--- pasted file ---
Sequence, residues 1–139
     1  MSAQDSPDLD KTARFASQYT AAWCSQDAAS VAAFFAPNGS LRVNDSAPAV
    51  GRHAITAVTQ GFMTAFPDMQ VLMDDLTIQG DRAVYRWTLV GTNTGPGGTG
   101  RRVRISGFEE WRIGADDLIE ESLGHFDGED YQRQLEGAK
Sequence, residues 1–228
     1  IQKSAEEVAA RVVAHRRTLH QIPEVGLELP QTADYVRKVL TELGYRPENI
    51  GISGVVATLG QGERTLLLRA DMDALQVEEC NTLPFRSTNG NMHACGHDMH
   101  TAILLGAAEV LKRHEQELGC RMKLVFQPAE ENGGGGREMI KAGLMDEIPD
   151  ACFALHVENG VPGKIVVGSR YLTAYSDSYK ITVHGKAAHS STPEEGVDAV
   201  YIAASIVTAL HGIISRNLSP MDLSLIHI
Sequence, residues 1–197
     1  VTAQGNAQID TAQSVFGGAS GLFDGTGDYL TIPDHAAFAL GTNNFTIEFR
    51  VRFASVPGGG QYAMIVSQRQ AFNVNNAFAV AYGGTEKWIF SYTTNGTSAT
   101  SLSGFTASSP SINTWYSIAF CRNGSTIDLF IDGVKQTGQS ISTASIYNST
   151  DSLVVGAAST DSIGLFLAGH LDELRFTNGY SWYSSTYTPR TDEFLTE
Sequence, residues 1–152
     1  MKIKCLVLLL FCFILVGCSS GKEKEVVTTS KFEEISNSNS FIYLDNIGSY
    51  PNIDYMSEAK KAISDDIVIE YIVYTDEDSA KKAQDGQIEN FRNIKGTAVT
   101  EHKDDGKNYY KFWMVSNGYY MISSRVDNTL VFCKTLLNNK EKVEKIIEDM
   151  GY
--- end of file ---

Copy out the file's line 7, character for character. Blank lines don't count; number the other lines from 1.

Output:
    51  GISGVVATLG QGERTLLLRA DMDALQVEEC NTLPFRSTNG NMHACGHDMH